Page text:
"Most often it is writers in the West that write stories about the East, and I think we have the right to do the same thing coming from the other direction"
Issue 4, January 2007
by Lucy Cooper; photography by Dragomir Ushev; illustrations by Gergana Shkodrova
Alek Popov is a leading figure on Bulgaria's contemporary literature scene. Having written numerous award-winning short stories and scripts, which have been translated into over a dozen languages, Mission London is his first novel. In a style "something like Pulp Fiction," it tackles the behaviour of Bulgaria's new elite on the eve of accession.
The action is set in an Eastern European embassy in London. Alek himself worked in the Bulgarian embassy in London in 1997-98. "The background of the book is very real for this reason. I wasn't intending to write this book actually, but over time the material started accumulating and I felt I must write something about it. There was too much precious material to be lost. It's the small details that I like, they are completely real."
As for the characters, "Some of the main characters have something to do with real people, but in the end it turned out that they evolved into archetypes of characters from the Transition." The "Transition", the time after the fall of Communism, was a period of change from the old Socialist ways to democracy. This brought with it struggles for a new identity.
"The main strands of the plot chart the struggle for representation and for a new image of both the elite and the ordinary citizen. It looks at how ordinary people from Eastern Europe are trying to adapt to the West and be part of a greater Europe, a process which involves the disruption of many illusions."
"On the other side, it is about perceptions the West has about itself and about Eastern Europe." Alek wants to invert the balance in which it was traditionally the West that "imagined" or "colonised" other cultures by writing about them from a Western standpoint. "This book is also an attempt to colonise the West through the view of the Eastern European order."
What is it about?
When Varadin Dimitroff, the Bulgarian ambassador, arrives at his new posting in London he finds the embassy in disarray. Not only are there signs of all night parties, the staff have done nothing towards organising a concert planned to celebrate Bulgaria's accession to the EU.
Under pressure from the Prime Minister's wife, Varadin's career prospects rest on his ensuring the Queen attends the concert. With the date fast approaching, Dimitroff enlists the help of "Famous Connections", a shady PR agency that promises him direct access to Britain's social elite. But in his haste, he fails to get some crucial information on the agency. Namely, that it deals in lookalike strip programs. By the time the truth comes to light, it is too late. A huge scandal looms on the horizon...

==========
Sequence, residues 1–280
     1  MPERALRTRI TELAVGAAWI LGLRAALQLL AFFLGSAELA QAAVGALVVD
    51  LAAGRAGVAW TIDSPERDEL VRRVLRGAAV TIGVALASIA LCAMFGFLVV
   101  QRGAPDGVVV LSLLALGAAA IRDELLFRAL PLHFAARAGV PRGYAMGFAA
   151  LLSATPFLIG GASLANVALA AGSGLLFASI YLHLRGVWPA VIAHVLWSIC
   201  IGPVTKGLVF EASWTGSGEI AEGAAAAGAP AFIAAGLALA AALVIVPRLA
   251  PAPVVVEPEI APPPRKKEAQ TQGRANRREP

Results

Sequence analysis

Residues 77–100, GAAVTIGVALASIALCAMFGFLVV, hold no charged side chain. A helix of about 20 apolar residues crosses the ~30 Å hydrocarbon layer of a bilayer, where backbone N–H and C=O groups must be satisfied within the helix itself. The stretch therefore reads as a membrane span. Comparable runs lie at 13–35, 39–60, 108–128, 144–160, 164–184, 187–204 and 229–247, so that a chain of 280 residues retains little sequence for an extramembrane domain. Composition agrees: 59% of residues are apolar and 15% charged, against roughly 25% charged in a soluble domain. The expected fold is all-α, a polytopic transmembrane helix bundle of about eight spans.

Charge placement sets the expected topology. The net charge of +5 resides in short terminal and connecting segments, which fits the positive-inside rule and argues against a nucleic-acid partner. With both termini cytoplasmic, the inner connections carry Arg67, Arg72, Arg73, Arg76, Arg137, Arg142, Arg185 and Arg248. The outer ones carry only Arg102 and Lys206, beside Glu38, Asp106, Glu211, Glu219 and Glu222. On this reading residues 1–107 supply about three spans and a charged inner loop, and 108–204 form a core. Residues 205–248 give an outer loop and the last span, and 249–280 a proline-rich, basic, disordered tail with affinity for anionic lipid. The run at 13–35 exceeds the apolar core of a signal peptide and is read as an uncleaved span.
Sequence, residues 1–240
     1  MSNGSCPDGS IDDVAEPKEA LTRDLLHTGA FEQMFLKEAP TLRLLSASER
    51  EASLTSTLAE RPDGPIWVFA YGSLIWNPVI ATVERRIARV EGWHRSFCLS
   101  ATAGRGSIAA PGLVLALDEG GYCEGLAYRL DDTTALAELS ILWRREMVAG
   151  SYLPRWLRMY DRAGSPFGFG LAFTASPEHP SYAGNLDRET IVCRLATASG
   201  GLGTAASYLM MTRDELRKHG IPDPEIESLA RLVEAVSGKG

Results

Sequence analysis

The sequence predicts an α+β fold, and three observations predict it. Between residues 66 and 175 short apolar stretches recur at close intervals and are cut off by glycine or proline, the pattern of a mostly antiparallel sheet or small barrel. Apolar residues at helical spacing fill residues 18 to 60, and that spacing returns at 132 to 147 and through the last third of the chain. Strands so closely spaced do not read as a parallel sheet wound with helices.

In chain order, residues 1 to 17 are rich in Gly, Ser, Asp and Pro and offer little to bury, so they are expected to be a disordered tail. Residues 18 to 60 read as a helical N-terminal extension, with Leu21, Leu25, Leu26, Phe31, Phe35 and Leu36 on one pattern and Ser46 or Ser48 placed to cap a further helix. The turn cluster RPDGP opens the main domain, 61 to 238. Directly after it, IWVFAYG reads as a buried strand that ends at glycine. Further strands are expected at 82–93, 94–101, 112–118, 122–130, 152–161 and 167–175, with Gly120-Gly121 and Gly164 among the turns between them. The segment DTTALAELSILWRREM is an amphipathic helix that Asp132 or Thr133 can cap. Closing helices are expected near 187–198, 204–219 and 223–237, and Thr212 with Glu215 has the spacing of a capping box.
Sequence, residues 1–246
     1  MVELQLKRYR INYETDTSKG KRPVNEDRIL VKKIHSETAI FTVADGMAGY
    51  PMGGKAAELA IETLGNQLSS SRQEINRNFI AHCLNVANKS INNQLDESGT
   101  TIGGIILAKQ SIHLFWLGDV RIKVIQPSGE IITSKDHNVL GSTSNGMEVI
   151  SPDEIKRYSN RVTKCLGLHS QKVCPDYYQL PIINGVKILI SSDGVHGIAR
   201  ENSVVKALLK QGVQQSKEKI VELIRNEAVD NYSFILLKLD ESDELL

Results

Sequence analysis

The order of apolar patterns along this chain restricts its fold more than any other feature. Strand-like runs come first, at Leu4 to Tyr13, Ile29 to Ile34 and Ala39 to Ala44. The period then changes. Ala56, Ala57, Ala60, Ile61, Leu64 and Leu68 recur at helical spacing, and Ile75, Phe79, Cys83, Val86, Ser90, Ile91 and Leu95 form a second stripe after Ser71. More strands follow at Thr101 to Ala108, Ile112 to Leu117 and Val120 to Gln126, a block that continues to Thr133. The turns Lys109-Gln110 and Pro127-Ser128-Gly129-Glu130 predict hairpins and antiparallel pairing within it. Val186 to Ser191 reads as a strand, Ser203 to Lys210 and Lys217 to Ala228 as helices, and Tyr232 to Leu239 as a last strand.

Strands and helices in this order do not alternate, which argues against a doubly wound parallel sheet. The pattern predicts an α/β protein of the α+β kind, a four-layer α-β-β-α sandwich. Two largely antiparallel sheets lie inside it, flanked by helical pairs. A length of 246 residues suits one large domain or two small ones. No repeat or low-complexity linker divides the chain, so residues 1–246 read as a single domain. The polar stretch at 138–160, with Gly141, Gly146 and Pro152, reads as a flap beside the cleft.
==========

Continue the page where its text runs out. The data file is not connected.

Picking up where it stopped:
To complicate matters further, Varadin falls in love with gorgeous Bulgarian student Kati, cleaner in the embassy by day, stripper by night, unaware that she is working for "Famous Connections" as a Princess Diana lookalike.
The night of the concert arrives, and the strands of the narrative come together, resulting in a sumptuous carnival of frenzy and futile vanity, reflecting the illusions and delusions of post-Communist society.
Mission London (2001), Zvezdan Press
For the occasion of the opening of the European Conference, a large chunk of the cabinet poured into London, headed by the prime minister himself. The local press was exceedingly sceptical concerning the gathering in question, there was even a note of cynicism, but for the transition tormented governments from Eastern Europe, it was manna from heaven, an overwhelming prelude to their eventual membership of the club of well-off Western cousins.
Throughout those three days filled with general commotion and long speeches, with exultation and not very well hidden disappointment with the vagueness of the conference's goals, Varadin struggled merely to survive. The reality of the situation blurred before his eyes, like the countryside outside the window of a speeding train; he saw clearly only the obstacles, hazards and pit-falls that he had to avoid. The immediate proximity of the premier horrified him; that strict and powerful politician, who had swum out of the primordial soup of Post-Communism, looked to be the sort of man who breakfasted every morning on fragile clerical destinies, with garlic and horseradish sauce.
70 years ago, on 10 March 1943, Bulgaria's pro-Nazi government decided to defy Berlin and halt the deportation of Bulgaria's 50.000 Jews. This was down to the actions of one man - Dimitar Peshev. Just two years later he faced Communist justice and found himself on trial for his life. His niece Kaluda Kiradjieva remembers